Working with Tokens

Read this chapter to learn how to enhance security by working with tokens. Whenever you login to npm, a security token (a hexidecimal string) is generated. Tokens authenticate your account, and provide the rights you need to publish and access your modules. Tokens are often used with continuous integration testing environments. For example, Travis-CI provides an environment variable that you can assign to a token value. This gives Travis-CI the ability to run npm as your npm user, including the ability to install private packages to which you have access.

Note: There are additional steps required if you wish to use tokens for testing and other special purposes. These steps are out of the scope of this chapter.

Token commands empower you to:

How to View the Tokens On Your Account:

To view the tokens associated with your account, type:

npm token list.


The following table explains the token list.

List Result Purpose
id Use the id to refer to the token in commands
token This is the first part of the actual token
created Date the token was created
readonly If no, the token provides full permissions
CIDR whitelist Restricts token use by IP address

A token can be both read-only as well as CIDR-whitelisted.

If you have enabled two-factor authentication on your profile, you have an additional layer of security. No one will be able to modify or create your tokens unless they provide the second authentication factor.

Note: The token list shows a truncated version of the token. View the npmrc file if you need to see the full token.

How to Create New Tokens

npm token create [--read-only] [--cidr=list]

Before you create a new token, decide which type of token you want:

The default setting for new tokens is full-permission.

When a token is read-only, it cannot be used to make changes to a package. If a token is not explicitly set to read-only, it has full permissions, including publish and modification rights.

How to Create a New Full-Permission token:

To create a new full permission token, type:

'npm token create'

If you have set up two-factor authentication, you will be prompted for your npm password, followed by an OTP. npm will display this table:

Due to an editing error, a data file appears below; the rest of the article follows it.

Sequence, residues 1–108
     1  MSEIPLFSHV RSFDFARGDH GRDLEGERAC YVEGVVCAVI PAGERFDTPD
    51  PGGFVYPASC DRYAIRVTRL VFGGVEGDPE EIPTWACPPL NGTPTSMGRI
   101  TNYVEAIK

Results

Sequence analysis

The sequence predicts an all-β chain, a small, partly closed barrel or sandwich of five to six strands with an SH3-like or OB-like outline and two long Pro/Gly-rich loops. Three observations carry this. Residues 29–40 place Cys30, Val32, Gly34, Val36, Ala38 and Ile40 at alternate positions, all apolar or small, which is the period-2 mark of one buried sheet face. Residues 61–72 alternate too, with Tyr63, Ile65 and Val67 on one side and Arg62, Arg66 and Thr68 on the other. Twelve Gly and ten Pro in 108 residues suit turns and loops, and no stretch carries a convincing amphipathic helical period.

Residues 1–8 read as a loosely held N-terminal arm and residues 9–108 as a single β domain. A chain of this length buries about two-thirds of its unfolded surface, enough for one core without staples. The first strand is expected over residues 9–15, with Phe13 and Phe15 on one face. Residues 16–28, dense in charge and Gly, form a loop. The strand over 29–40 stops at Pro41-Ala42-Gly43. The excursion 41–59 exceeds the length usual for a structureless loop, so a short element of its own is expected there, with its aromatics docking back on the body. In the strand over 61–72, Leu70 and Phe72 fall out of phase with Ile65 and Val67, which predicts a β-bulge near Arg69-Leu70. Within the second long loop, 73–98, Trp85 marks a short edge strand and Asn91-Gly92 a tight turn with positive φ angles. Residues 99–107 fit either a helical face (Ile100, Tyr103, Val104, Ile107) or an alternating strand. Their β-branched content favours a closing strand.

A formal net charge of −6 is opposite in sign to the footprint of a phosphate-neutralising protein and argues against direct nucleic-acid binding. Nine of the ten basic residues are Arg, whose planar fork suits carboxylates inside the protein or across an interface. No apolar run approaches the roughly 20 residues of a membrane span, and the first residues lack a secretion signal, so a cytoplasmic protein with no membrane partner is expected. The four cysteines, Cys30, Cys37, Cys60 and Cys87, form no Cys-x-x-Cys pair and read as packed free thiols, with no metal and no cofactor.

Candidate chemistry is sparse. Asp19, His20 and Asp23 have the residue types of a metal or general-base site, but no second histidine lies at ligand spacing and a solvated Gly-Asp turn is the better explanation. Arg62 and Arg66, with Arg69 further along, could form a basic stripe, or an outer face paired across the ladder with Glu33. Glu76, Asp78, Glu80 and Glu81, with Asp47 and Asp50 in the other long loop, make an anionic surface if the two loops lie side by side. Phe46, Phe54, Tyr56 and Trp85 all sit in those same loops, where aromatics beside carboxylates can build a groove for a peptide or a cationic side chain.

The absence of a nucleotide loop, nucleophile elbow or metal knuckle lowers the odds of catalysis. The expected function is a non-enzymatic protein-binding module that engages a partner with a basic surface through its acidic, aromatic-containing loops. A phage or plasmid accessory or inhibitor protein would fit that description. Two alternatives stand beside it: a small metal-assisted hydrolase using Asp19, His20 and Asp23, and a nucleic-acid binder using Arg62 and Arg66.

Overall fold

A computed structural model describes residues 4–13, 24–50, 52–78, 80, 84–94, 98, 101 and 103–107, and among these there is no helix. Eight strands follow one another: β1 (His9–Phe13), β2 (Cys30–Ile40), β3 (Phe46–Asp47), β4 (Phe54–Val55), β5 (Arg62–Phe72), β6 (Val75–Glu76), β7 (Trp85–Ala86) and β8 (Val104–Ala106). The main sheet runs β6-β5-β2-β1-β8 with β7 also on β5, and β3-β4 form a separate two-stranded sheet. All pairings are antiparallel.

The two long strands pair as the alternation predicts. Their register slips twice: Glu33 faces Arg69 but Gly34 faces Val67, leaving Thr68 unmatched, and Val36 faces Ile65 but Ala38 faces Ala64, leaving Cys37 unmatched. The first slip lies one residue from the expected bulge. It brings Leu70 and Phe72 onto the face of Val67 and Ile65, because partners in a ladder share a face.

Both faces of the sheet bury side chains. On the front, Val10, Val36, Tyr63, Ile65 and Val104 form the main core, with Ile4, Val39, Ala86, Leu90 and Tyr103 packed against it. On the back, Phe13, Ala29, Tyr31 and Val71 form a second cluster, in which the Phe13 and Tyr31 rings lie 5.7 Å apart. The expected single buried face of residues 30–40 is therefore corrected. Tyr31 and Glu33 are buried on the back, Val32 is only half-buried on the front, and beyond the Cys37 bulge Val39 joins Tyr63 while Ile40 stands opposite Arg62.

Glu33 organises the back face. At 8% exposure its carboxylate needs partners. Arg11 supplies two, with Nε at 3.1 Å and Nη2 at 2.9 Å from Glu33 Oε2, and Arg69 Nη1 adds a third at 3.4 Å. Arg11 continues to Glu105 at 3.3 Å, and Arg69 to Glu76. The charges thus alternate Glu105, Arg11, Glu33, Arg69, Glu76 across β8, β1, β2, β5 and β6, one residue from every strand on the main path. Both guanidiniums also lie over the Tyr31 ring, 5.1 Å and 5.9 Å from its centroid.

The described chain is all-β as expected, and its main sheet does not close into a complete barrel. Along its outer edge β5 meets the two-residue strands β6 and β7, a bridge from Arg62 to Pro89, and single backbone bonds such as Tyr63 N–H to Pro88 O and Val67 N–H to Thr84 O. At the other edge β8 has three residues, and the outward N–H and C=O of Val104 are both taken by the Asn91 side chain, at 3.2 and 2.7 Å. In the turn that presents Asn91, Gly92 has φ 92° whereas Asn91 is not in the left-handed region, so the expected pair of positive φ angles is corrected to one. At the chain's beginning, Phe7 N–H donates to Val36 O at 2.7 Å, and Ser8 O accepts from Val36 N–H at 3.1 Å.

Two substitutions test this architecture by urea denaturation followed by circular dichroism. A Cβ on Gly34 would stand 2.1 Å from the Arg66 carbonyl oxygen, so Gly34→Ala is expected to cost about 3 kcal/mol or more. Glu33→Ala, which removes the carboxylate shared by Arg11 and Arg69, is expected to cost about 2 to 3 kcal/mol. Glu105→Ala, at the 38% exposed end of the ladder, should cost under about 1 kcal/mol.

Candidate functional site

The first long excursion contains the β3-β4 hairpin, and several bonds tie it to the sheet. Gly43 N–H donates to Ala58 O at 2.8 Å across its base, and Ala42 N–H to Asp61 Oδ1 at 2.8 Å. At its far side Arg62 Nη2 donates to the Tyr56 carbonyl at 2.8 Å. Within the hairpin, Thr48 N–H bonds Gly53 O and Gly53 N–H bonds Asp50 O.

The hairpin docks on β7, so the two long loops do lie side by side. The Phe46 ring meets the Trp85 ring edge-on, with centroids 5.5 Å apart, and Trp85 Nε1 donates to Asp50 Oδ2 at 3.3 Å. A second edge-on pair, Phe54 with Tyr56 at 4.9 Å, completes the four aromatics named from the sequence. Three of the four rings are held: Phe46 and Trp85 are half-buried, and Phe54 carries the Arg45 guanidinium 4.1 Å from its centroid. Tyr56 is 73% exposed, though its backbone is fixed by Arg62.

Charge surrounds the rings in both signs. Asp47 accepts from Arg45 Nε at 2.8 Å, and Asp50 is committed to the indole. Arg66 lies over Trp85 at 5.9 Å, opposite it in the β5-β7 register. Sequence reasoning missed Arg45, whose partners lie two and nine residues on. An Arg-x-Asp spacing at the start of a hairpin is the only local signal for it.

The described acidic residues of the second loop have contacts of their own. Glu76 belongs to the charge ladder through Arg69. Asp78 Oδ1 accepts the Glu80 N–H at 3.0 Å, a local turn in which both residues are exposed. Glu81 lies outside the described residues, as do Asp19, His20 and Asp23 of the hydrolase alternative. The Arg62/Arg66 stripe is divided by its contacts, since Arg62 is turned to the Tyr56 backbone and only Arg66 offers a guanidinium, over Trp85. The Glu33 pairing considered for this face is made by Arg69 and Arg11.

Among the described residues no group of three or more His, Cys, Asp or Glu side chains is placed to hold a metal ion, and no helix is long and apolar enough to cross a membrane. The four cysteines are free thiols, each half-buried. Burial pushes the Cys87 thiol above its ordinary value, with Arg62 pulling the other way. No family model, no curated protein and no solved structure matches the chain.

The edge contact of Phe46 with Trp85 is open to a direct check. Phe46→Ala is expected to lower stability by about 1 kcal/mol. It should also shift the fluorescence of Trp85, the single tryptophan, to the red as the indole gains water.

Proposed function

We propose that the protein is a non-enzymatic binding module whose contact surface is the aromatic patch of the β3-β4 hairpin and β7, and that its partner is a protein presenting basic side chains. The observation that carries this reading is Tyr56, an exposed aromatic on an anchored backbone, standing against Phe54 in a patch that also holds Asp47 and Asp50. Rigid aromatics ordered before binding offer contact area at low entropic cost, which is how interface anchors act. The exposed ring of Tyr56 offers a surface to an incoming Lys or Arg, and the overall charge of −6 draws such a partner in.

NOTE: Save a screen shot of the token field, as this will be your only chance to view it.

Note that readonly defaults to false.

How to Create a New Read-Only Token

To create a new read-only token, type:

npm token create --read-only

If you have set up two-factor authentication, you will be prompted for an npm password, followed by an OTP. npm will display this table:


Note that read-only is set to true.

How to Create a New CIDR-Restricted Token

To limit the token so that it can only be used from specified ip addresses, you can create a CIDR-restricted token. CIDR is an acronym for Classless Inter-Domain Routing. The CIDR Wiki page will get you started.

Using a CIDR restriction makes it possibe for you to force anyone or any system using the token to either physically or remotely be within the specified ip address range.

    npm token create --[--cidr=list]


    npm token create --cidr=

If you have set up two-factor authentication, you will be prompted for an npm password, followed by an OTP. npm will display this table:


If you see a message like this one:

npm ERR! CIDR whitelist contains invalid CIDR entry: X.X.X.X./YY,Z.Z.. . .

(where the string returned is the one you entered) please ensure that the CIDR string is valid and in the appropriate format. Note: npm only supports IPv4 at this time.

How to Create a CIDR-Restricted Read-Only Token

To create a CIDR-restricted token that is also read-only, type:

npm token create --read-only --cidr=list

How to Revoke Tokens

You can delete (revoke) a token, regardless of when it was created. This allows you to gain control of access you may wish to take back.

The command to delete a token is:

npm token delete

Here are the steps:

  1. Type npm token list
  2. Find the token ID affiliated with the token you want to delete.
  3. Type 'npm token delete 123456', where 123456 is the token id. Note: The truncated version of the token will not work.
npm will report 'Removed 1 token'

Type 'npm token list' to confirm that the token has been removed.

The following screen shot demonstrates these steps:


Note: All tokens shown in screen illustrations have been revoked.

Last modified October 19, 2017           Found a typo? Send a pull request!

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